Common 401K Mistakes

8:09 AM, Sep 7, 2012   |    comments
  • Share
  • Print
  • - A A A +

   If your company offers a 401(k) or similar employee retirement plan they are providing you with an important benefit.  How do you make sure you are making the most of it and are not doing something to undermine your future retirement without knowing it.  Sarah Halpin, Certified Financial Planner with The Danforth Group of Wells Fargo Advisors has some four common 401(k) savings mistakes and how to try to avoid them:


Mistake #1.    Not Contributing or Cutting Back on Contributions to a 401(k) plan

If your employer is offering a retirement plan and you are not already participating, sign up as soon as possible. By not contributing or not contributing enough you may be missing out on an employer 401(k) match to your retirement account.  There are lots of excuses to trim your 401(k) contributions starting with rising living expenses and juggling other savings goals such as kid's college.  But a 401(k) provides easy deductions direct from your pay check - out of sight out of mind as well as tax deferral benefits, which means you don't pay taxes until you take the money out in retirement.  And remember, your kids may be able to get student loans for college, but you're not going to get a loan for retirement.


Mistake #2.    Using your 401(k) Retirement Funds as a Bank. It may be comforting to know you can borrow or withdraw from your 401(k) as a last resort if money is tight.  But borrowing or withdrawing funds from your 401(k) will have a negative impact on your account balance down the road.  If you take a loan and then get laid off or accept an early retirement package, you'll probably have to repay the loan within a short time frame.  If you can't repay the loan, it will be treated as an early withdrawal on which you'll owe income tax, plus a 10% penalty if you are under age 59 ½.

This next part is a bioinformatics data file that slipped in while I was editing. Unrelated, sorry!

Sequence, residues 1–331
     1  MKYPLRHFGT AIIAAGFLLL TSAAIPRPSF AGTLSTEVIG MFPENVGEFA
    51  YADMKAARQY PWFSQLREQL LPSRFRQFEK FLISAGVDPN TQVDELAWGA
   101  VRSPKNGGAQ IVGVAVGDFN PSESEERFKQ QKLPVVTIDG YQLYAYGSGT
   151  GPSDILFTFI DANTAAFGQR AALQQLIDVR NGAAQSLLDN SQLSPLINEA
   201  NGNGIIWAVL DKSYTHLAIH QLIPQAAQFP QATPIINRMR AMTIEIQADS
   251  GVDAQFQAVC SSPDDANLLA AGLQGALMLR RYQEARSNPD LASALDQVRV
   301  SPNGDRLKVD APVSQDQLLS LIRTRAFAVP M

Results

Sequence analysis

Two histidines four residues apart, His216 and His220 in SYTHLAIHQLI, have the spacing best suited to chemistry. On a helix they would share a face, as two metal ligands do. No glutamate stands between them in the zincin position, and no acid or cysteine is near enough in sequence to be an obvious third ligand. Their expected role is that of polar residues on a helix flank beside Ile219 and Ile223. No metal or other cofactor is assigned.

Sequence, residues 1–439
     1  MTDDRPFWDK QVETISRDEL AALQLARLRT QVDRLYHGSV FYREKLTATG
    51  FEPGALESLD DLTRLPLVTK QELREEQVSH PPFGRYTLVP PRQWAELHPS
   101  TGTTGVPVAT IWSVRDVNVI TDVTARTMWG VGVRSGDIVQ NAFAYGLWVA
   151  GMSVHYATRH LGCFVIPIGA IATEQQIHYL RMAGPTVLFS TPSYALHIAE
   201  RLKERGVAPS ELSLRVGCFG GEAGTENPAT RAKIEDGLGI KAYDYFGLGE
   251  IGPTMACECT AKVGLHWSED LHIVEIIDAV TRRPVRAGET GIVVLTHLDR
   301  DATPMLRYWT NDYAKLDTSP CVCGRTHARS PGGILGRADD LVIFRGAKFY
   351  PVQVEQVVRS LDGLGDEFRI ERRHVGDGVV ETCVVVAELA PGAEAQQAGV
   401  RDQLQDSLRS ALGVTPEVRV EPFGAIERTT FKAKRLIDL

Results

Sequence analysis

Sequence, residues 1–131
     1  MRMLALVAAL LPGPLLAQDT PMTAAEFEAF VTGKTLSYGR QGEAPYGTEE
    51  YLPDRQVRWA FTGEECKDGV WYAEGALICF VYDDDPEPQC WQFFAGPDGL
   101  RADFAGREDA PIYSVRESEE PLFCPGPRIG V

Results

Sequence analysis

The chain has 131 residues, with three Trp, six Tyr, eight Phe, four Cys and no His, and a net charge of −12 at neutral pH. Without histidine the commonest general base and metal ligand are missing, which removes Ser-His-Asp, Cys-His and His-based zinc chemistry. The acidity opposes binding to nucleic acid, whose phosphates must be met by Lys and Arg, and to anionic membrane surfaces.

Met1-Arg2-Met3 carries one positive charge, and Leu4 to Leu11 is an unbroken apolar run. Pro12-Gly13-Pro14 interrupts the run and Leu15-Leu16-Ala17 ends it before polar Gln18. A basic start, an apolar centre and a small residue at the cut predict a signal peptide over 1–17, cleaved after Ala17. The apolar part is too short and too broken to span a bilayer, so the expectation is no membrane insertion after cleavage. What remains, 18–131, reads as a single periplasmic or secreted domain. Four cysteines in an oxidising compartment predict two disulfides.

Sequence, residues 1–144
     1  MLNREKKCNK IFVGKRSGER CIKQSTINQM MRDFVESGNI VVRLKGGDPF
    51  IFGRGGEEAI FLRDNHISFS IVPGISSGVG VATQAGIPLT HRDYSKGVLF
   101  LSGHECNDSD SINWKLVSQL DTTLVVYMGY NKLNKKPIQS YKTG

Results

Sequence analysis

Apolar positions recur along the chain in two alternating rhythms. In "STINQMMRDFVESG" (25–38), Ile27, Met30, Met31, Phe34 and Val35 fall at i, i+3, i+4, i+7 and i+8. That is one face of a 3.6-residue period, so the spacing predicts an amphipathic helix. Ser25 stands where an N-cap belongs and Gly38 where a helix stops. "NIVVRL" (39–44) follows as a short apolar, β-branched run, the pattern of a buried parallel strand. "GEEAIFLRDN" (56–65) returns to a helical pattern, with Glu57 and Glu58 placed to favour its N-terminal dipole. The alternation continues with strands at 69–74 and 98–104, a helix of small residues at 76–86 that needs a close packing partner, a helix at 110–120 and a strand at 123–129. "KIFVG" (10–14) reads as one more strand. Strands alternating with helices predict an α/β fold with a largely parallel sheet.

Mistake #3Cashing Out your 401(k) Balance when you Switch Jobs or Leave with an Early Retirement Package. According to BrightScope, a 401(k) rating site, nearly half of employees withdraw their 401k savings when leaving one company for another.  In general, you should ask your former employer to wire the funds from your 401(k) directly to an IRA or to your new employer's plan, if your new employer accepts rollover funds.  If you don't request this, the company may cut a check to you, minus 20% withholding for taxes.  If you find yourself with a check you have 60 days to complete the rollover to your IRA to avoid taxes and possible penalty.


Mistake #4  Forgetting to Change the Beneficiary on your Retirement Account when you have a Life Event Change such as, marriage, divorce or death of a spouse.  While it doesn't directly damage your retirement savings, forgetting to change beneficiaries does have an impact on how your savings will pass to your heirs.  Keep in mind that retirement accounts aren't governed by your will, so writing your ex out of your will isn't enough.  You need to change the beneficiary.  Also, name both primary and contingent beneficiaries.  If your primary beneficiary dies and you do not have a contingent beneficiary there is the risk that retirement accounts will be paid to your estate, where they are at risk of taxes and creditor claims.  Changing beneficiaries is completing a simple form.


Very few people start saving for retirement the day they enter the job market but the earlier you start saving and planning the easier it will be to reach your goal.  A retirement planning calculator can help, such as the Wells Fargo Quick View Calculator or the Ballpark Estimate from the American Savings Education Council.



The information provided is general in nature and may not apply to your personal investment situation.  Individuals should consult with their chosen financial professional before making any decisions.  Investment services are offered through Wells Fargo Advisors, LLC member


Most Watched Videos